If you ask, what is Java Script? The answer is: Java Script is a Single threaded, non-blocking asynchronous concurrent language. Now it is important to understand these characteristic of Java Script.
Let’s try to understand, what is Single threaded, non-blocking and what is difference from others.
With other languages, when server receives request, it allocates a thread to fulfill it. As part of handling the request let’s say it queries the database and the thread waits till it gets the response back from database. So it requires new thread to server the another request. If we have large number of concurrent requests then server capacity is most likely to be run out and new requests may need to wait until some thread is available or we need more hardware for more concurrent requests.
Where as in JS (non-blocking IO), it is asynchronous by default. It has single thread to handle all requests. Thread doesn’t wait for the IO (for example DB response) and thread can be used to serve another request. In this example if there is a response from DB then it will be put in Event Queue. Node will monitor the queue and when there is an event in the queue, it will be processed in FIFO order.
This is why Node (btw, node is just a run time environment to run java script at server side) is suitable for I/O intensive apps (e.g. DB read or network access). In contrast, Node shouldn’t be used for CPU intensive apps like video encoding etc.
Before we check this practically, let’s first go through with few concepts:
- Call Stack: It is a data structure which records where we are in the program execution.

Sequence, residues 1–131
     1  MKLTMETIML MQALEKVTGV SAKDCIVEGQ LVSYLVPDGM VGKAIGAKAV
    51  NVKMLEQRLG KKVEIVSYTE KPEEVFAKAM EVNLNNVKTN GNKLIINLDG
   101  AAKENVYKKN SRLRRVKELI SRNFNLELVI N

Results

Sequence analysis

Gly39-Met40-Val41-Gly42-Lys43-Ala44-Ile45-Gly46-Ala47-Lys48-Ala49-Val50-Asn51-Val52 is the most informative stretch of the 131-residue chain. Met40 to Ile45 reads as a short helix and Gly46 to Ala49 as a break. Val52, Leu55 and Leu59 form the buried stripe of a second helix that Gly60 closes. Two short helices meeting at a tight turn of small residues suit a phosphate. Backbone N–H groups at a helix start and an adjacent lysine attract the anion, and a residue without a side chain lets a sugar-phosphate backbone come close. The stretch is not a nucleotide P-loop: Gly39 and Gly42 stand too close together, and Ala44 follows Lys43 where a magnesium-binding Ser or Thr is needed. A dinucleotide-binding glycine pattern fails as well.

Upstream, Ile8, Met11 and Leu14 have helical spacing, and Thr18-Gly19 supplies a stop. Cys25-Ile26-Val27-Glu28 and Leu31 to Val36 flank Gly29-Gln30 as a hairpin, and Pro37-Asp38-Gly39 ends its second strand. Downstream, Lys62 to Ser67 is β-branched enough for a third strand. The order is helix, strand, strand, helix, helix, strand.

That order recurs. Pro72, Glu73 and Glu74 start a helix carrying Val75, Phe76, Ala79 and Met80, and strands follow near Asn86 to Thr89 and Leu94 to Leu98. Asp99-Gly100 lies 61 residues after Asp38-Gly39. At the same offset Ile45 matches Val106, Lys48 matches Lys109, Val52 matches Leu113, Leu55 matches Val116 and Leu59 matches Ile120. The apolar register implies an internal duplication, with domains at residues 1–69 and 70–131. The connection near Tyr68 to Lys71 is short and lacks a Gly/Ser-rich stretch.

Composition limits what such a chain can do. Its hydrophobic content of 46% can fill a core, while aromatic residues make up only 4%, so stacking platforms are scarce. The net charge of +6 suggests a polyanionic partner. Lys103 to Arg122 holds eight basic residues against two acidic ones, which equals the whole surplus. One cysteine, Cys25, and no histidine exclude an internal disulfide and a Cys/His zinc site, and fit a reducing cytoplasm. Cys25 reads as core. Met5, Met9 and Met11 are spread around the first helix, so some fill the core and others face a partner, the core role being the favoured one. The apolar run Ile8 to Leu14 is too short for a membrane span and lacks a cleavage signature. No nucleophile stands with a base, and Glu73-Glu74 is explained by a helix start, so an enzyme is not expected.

- Callback Function: CallBack function is the function that executes after I/O is done.
- Event Queue: It is a queue where events are stored when async call is completed.
- Event loop: It is a program whose job is to look at the call stack and the event queue. And if stack is empty it will take first event from the queue and push it to the call stack.
Let’s see how these concepts works in reality. Let’s take an example where there are 3 requests made and let’s assume that each request takes 3 seconds to get the data. In the sequential flow, it would work like below:
But in async flow, it would work like below, where callback function is executed after timeout:
What just happened in the async flow is that, when setTimeout is called (i.e. it is on the call stack), it will be pushed out from call stack to webapis where it will keep the timer and call stack will continue execution of next step.
Once the timeout is done in the webapis; it will push the call back function to the event queue.
And event loop will monitor the call stack and when it is empty; it will push the first event from the queue to the call stack (meaning callback function will execute)